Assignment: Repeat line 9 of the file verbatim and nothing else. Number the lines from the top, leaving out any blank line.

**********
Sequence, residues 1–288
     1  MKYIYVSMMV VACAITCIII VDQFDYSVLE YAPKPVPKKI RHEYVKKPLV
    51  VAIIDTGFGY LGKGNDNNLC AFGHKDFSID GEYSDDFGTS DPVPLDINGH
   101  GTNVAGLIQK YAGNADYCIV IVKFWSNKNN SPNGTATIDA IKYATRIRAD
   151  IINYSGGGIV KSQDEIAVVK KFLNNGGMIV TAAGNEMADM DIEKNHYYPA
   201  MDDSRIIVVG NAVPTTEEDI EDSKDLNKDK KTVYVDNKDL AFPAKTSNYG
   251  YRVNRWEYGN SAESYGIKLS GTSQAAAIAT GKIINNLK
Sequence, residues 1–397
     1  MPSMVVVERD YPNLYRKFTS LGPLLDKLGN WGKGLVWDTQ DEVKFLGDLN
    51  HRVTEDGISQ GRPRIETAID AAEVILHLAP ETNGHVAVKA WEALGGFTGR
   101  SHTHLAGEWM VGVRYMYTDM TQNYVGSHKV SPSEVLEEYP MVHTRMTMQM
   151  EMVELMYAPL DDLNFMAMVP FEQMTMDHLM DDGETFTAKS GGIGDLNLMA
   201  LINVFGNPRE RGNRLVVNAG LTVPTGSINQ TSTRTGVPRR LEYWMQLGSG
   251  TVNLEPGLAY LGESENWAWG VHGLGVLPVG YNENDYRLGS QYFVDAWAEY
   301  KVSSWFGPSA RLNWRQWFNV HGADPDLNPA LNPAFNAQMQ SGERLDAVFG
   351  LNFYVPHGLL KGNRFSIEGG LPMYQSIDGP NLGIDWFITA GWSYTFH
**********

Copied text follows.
     1  MPSMVVVERD YPNLYRKFTS LGPLLDKLGN WGKGLVWDTQ DEVKFLGDLN